Including what it calls the first production-scale malware research dataset available to the general public
In an effort to promote the use of AI-based systems in cyber security, British security software vendor Sophos is sharing datasets, tools, and methodologies in four separate areas.
These include research, protection methods, malware detection, and signature generation tools.
“With SophosAI’s new initiative to open its research, we can help influence how AI is positioned and discussed in cyber security moving forward,” said Joe Levy, chief technology officer of the company.
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For research purposes, Sophos is sharing SOREL-20M (Sophos-ReversingLabs – 20 million), a production-scale dataset with metadata, labels, and features for 20 million Windows Portable Executable files, including 10 million disarmed malware samples. Sophos calls the dataset, developed in a joint project with ReversingLabs, “the first production-scale malware research dataset available to the general public.”
A new AI-powered impersonation protection method is also being shared (discussed at Defcon here), for defense against email “spear phishing,” which can mimic trusted colleagues. The AI-based system was trained on a sample of millions of known attack emails.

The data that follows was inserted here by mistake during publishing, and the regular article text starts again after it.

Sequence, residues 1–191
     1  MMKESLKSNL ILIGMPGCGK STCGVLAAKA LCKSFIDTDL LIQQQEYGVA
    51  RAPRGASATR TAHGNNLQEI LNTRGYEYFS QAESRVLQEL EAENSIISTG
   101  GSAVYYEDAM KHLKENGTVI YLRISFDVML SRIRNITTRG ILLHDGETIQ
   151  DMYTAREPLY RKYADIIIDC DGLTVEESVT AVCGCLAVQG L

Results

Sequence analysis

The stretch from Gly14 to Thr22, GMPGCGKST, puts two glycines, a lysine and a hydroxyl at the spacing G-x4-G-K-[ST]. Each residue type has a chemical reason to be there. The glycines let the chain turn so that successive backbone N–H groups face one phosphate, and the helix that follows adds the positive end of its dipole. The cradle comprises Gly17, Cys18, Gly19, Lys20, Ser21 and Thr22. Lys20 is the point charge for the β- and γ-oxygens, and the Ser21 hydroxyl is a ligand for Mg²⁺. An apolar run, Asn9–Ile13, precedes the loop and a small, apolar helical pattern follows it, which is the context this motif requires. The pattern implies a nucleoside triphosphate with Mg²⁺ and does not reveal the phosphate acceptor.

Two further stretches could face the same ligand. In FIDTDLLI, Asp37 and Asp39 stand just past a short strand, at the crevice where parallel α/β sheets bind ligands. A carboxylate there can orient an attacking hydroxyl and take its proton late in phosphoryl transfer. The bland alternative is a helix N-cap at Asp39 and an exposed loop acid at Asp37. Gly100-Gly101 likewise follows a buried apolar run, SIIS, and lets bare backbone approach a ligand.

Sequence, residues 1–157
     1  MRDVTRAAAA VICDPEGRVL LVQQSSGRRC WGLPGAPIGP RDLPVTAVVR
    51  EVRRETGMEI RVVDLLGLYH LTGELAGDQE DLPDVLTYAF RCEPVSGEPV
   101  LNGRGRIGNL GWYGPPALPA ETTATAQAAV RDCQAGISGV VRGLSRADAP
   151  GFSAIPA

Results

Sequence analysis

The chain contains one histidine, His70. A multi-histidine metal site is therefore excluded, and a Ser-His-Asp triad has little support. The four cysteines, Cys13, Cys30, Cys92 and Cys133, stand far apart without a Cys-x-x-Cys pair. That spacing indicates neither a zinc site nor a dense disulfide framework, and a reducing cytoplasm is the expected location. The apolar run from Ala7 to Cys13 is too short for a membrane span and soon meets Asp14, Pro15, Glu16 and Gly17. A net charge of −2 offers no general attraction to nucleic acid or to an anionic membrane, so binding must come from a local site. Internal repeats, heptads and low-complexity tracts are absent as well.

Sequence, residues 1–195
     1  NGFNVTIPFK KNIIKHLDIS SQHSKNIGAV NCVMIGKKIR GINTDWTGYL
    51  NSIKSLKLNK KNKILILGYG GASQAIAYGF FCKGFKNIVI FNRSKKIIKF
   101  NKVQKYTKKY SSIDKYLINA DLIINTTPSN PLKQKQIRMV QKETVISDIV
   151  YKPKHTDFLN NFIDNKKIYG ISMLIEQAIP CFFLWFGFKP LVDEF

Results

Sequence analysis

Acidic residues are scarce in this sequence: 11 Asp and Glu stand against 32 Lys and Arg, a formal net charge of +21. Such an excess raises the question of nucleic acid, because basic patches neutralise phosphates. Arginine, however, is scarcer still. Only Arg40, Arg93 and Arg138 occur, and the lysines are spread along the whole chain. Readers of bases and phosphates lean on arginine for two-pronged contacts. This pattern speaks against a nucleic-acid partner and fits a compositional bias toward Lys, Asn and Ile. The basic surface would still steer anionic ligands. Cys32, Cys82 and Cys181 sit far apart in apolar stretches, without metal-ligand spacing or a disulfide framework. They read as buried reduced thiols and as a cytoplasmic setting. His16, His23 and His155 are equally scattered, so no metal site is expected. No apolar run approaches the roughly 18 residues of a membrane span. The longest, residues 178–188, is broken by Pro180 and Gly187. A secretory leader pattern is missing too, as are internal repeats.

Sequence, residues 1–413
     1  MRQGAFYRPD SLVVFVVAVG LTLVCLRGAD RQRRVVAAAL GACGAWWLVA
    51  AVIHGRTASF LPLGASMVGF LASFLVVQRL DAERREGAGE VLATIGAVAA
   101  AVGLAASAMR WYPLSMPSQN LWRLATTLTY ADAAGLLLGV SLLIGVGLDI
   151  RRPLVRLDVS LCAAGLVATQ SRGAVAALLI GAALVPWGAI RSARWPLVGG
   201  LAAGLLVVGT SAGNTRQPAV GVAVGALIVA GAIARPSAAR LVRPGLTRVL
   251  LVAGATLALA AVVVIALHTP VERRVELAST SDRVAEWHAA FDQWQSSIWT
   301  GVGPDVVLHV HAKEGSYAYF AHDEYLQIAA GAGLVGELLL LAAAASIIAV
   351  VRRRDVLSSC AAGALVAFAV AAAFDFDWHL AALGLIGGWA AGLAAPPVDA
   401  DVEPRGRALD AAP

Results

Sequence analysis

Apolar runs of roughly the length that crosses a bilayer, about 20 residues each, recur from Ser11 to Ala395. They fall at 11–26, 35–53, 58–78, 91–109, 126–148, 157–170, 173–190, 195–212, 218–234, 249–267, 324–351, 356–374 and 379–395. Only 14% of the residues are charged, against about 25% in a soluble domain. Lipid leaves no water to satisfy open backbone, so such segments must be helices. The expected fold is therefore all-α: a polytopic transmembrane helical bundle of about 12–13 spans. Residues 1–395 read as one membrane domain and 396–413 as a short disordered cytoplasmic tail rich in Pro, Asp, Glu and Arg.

For undetected malware, Sophos built a set of publicly available, epidemiology-inspired statistical models for estimating the prevalence of malware infections in total, enabling a better chance of discovery.
And finally, the company has developed and shared YaraML, an open sourced system for automatic signature generation, which “compiles” machine learning models of the kind used in commercial security products into signature languages.
“Today’s cacophony of opaque or guarded claims about the capabilities or efficacy of AI in solutions makes it difficult to impossible for buyers to understand or validate these claims. This leads to buyer skepticism, creating headwinds to future progress at the very moment we’re starting to see great breakthroughs,” Levy said.
“Correcting this through external mechanisms like standards or regulation won’t happen quickly enough. Instead, it requires a grassroots effort and self-policing within our community to produce a set of practices and language that will advance the industry in a disruptive, open and transparent manner.”